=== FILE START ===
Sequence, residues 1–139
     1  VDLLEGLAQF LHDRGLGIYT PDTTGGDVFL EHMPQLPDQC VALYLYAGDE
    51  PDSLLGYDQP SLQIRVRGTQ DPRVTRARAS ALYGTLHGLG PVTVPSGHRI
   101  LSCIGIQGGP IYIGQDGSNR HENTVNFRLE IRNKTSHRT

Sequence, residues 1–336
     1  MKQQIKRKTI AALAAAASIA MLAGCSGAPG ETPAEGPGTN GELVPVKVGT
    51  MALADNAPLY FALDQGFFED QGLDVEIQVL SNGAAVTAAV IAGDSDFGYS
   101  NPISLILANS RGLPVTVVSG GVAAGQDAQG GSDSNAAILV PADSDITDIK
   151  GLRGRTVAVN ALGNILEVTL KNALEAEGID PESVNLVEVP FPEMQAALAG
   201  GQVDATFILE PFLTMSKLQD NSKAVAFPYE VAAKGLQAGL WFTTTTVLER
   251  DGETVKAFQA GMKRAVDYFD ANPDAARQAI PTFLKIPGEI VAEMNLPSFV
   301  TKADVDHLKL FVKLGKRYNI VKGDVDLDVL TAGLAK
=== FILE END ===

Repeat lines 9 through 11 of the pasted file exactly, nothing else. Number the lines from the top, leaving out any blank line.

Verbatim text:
   151  GLRGRTVAVN ALGNILEVTL KNALEAEGID PESVNLVEVP FPEMQAALAG
   201  GQVDATFILE PFLTMSKLQD NSKAVAFPYE VAAKGLQAGL WFTTTTVLER
   251  DGETVKAFQA GMKRAVDYFD ANPDAARQAI PTFLKIPGEI VAEMNLPSFV